I absolutely love checking on the bees, but before we check the hives mid-winter my emotions are a trainwreck. I am nervous to see what might be going on but so excited to visit with my little bees.
Over the summer, we maintain the hives monthly and we last looked into the hives this past fall. During the winter, on a warm (40 F or above), sunny day, we like to quickly peek in the hives to make sure everything looks okay.
This year was rewarding. We saw live bees in the majority of our hives (even the split!) and so far have only lost one hive. In the lost hive, we did not see a lot of dead bees so it seems they just packed up and moved on. Beekeeping can be rough.
The bee-less hive just mentioned was a very productive hive. Too many full frames in a hive can cause congestion and encourage swarming. Maybe the queen decided there was not enough room for laying. If she packed up on a warm day and left behind a small group, they could have perished when a cold spell hit.
When it is cold, less than 57 F, the bees form a cluster inside the hive. In the cluster, the bees remain active, eating, moving, rearing young, and generating heat by contracting their wing muscles (shivering). A hive’s temperature can range from 57 F to 93 F depending on the activities of the bees.
Once it warms up to temperatures over 57 F, the cluster can break apart and the bees move honey around or relocate their cluster closer to stored honey. On these warm days, the bees will also take cleansing flights, which allows them to clean the hive and relieve themselves.
As the cluster of bees progresses through the winter, they move upward through the hive eating their stored food. Sometimes, the bees move up too fast, reach the top, and run out of food. This can occur even when a hive has plenty of honey to the sides and below the cluster. To help the bees out, we put sugar patties (see the recipe below) at the top of the hive on the frames, under the inner and telescoping covers, to give them some much needed food.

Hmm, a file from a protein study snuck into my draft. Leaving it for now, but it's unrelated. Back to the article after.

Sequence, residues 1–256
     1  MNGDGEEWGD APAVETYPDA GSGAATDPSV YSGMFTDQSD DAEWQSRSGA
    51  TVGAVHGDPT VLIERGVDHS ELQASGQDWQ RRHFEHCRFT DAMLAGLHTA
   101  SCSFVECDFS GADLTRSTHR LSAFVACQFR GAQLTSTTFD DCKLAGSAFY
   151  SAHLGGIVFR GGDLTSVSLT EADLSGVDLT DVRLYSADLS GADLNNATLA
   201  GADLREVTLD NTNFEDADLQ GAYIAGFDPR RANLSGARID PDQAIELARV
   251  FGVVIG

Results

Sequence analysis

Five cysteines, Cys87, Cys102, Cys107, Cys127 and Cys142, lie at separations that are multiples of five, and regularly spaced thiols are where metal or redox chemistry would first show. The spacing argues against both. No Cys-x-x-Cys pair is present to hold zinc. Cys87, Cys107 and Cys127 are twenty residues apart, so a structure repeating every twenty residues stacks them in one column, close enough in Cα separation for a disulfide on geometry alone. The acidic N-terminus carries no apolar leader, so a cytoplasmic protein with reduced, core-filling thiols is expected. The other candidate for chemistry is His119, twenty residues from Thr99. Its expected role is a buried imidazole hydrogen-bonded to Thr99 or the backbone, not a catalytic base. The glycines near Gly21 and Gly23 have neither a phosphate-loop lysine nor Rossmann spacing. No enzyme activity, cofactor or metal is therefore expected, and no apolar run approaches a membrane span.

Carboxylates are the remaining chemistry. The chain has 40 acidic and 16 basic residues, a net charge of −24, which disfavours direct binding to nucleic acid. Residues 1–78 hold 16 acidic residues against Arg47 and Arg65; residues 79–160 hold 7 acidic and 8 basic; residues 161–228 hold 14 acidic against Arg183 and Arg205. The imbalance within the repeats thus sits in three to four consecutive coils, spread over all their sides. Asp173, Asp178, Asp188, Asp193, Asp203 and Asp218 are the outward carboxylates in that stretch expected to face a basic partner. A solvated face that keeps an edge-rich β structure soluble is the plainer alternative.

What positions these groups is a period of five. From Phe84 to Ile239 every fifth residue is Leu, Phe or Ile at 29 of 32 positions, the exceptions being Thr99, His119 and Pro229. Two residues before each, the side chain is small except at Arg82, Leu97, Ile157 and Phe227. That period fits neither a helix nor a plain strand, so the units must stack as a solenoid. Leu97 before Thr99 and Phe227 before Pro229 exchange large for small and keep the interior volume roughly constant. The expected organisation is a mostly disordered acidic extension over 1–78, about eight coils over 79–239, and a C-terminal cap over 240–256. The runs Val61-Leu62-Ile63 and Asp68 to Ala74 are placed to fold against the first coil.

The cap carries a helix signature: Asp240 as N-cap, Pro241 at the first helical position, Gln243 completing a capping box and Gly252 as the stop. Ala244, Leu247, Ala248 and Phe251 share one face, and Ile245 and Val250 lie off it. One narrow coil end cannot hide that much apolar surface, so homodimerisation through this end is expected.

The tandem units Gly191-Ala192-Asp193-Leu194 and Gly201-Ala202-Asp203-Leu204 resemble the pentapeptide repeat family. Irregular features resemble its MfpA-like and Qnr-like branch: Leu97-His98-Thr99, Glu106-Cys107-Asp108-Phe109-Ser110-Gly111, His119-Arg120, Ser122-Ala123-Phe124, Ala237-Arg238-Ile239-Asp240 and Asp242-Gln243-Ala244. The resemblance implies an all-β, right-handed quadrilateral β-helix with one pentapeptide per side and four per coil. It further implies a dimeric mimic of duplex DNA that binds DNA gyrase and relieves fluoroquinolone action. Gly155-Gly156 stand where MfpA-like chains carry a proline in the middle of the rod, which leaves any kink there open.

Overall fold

Bee Patty Recipe (with pollen)
- 1 part 1:1 sugar syrup
- 6 parts white granulated sugar
- 2 parts pollen or pollen substitute (amount varies depending on what type is used)
- Mix the syrup and sugar. Add pollen until the mixture reaches a dough-like consistency. Form into patties.
Bee Patty Recipe (without pollen)
- 10 lbs white granulated sugar
- 1 cup water
- Mix well. Make slabs on plastic wrap. Let sit, they will be hard the next day. Remove plastic when adding the sugar to the hive.
We form any extra into patties, wrap them in wax paper, and freeze them. To use, we defrost the patty completely to avoid adding extra moisture to the hive. Bees have a difficult time removing moisture from the hive when it is cold. We put the patty on a piece of wax paper and then place it in the hive.
Some beekeepers like adding pollen to the winter feed and others do not. The bees use pollen as their protein source, which is necessary for the production of bee bread (food for little growing bees). We live in a pollen-rich area, so the bees should have collected enough throughout the year, but we like to play it safe. We add it to the patties and plan to continue until we notice a problem. Small hive beetles are attracted to pollen so we keep an eye on that.
We also use old frames with honey to add food to the hives. For the same reason, we make sure that any frozen frames are thawed completely and we add them to the box near the cluster, being careful not to break the cluster up.
For any of our deadouts, we block the entrance until we can clean up the hive properly. This prevents the emtpy hive from getting robbed of any leftover honey, which allows us to reuse the stored food if the colony didn’t succumb to disease.
Like I said, this hive inspection went well but we are not completely in the clear yet. The next couple of months are tricky and hard on the bees. The inconsistent weather here in Virginia can confuse bees. Sometimes it is warm during the day and freezing at night and the bees do not have enough time to cluster.
We will keep watching them and the weather and try our hardest to help them enter into spring healthy. Check back for more bee updates!comments powered by Disqus